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Re: Distinguising between alcohol

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  • edbar44
    Just my two cents here but I remember reading when I first started this hobby that the longer you let the spirits sit (age) the better they get, well, I never
    Message 1 of 8 , Feb 14, 2010
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      Just my two cents here but I remember reading when I first started this hobby that the longer you let the spirits sit (age) the better they get, well, I never had the time to waste waiting so never tried it, now, I was forced to try it because of health issues, got hospitalized last July and had a miserable 7 months and during that time had about 7 gallons of 92% ABV just sitting, when I finally started drinking again, latter January, the difference was immediately apparent, didn't need charcoal filtering, stuff actually had no odor and I was quite surprised to see that it hadn't lost it potency. I had about 4 liters in the freezer that was not sealed and that was fine also. I guess the original post that I read long ago was right on the money but who can wait 6-9 months for the stuff to mellow out.

      --- In new_distillers@yahoogroups.com, Christopher Bedwell <eukanubaau@...> wrote:
      >
      > Thanks kindly for the info :)
      >
      > Sent from my iPhone
      >
      >
      > On 08/01/2010, at 7:39 AM, "jamesonbeam1" <jamesonbeam1@...> wrote:
      >
      > Heres another side of the story Chris:
      >
      > Is there any taste difference or benefit to aged vodka?
      >
      > I know certain liquors are prized for being aged, such as whisky or scotch. I've never heard anything like this for vodka. Will aging vodka affect it's taste in a positive or negative way?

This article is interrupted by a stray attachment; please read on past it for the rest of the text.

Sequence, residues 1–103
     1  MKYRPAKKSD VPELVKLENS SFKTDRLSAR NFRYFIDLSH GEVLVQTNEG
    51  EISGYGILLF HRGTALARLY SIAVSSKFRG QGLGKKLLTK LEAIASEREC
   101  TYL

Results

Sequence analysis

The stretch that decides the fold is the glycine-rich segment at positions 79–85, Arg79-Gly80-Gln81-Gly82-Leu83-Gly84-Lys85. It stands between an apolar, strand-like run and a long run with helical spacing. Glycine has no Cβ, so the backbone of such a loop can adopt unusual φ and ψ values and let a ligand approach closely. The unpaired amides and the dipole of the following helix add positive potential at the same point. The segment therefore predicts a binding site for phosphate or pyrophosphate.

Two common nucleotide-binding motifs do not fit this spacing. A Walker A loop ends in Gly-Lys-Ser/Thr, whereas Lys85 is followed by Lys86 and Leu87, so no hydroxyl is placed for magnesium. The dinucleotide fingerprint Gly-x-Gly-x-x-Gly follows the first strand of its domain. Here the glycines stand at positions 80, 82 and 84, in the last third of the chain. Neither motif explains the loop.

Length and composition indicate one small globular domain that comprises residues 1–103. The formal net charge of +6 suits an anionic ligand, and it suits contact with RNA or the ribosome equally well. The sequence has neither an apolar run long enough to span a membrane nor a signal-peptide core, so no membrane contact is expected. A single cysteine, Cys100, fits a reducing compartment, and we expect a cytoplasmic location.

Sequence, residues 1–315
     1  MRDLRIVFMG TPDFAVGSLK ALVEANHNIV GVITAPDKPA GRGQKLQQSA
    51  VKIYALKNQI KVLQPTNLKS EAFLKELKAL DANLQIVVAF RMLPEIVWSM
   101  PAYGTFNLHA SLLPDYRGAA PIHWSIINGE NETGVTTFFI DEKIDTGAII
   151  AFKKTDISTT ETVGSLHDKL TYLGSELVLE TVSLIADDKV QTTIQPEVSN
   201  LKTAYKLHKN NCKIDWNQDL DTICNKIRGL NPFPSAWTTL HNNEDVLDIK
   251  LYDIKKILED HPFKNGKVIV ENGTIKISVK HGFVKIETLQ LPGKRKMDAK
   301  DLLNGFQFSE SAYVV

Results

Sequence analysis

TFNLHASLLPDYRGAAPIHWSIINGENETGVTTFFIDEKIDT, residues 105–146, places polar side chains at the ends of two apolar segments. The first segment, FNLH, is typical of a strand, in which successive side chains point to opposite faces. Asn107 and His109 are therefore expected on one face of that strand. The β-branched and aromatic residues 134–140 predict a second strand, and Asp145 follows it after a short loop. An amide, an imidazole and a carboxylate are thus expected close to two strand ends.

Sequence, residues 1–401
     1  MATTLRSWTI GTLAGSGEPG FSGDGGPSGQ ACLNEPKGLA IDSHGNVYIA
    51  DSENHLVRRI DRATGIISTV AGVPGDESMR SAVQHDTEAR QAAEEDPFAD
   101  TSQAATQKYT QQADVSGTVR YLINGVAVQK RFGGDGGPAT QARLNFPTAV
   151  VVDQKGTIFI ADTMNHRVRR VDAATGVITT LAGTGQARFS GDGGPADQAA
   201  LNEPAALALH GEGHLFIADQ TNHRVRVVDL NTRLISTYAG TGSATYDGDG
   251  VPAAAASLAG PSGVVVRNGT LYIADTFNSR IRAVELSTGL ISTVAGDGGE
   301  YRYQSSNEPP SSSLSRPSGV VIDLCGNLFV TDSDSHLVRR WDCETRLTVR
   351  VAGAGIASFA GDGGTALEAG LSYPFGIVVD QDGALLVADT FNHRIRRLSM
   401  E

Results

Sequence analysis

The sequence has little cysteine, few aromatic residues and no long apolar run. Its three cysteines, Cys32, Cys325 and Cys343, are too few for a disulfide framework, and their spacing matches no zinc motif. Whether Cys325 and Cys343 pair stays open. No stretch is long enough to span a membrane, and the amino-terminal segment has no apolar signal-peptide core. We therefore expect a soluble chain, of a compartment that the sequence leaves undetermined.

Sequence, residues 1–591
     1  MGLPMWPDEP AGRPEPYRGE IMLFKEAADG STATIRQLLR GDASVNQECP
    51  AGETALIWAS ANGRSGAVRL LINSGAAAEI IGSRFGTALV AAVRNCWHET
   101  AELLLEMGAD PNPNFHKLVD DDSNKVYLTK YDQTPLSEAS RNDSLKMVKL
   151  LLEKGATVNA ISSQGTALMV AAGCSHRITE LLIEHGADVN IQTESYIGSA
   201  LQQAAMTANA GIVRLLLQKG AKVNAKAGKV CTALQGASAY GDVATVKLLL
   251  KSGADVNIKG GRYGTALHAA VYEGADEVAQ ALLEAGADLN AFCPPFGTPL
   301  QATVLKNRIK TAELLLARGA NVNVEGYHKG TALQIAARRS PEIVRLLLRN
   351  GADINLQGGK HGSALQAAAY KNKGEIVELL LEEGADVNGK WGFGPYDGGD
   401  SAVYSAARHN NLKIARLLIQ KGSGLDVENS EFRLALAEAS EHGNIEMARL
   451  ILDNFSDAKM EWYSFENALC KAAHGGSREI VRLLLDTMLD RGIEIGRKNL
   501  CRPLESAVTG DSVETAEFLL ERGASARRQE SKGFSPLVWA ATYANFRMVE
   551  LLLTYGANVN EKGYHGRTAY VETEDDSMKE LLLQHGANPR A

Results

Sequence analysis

> Best Answer - Chosen by Voters
      >
      > Sure why not.
      > http://cr.middlebury.edu/public/russian/%c3%a2%c2%80%c2%a6
      >
      > According to the old Polmos Vodka Site, the tradition of aging vodka originated in Poland and goes back for many centuries. The story goes that a long, long time ago a baby girl was born. A barrel of vodka was safely buried underground. Years goes by.. and on the day of the daughter's wedding the barrel would be dug up, and set up for the wedding celebration. Imagine the surprise of the parents when they realized that there was a different vodka in the barrel. Everyone loves what the vodka, the time and the oak barrel had made. They realize that it was the aging process in the oak barrel that made this vodka so special. Beautiful golden color, a unique brandy-like taste, smooooth.. Aged for at least five years, and of limited supply, this rare Vodka has been awarded a gold medal by the world. Starka now appears to be owned by the Szczecin branch of Polmos.
      >
      >
      > --- In new_distillers@yahoogroups.com, "jamesonbeam1" <jamesonbeam1@> wrote:
      > >
      > >
      > > Well sorta Chris,
      > >
      > > It sounds like your making a neutral alcohol and then aging it on oak.
      > > You could say its "vodka on oak" or "oaked vodka" and im sure if
      > > Waljaco was around he could most likely identify it and name it from
      > > some country.
      > >
      > > The closest liquor I could find to what your making is called "Starka"
      > > from Poland and Lithuania:
      > ___snip
      >
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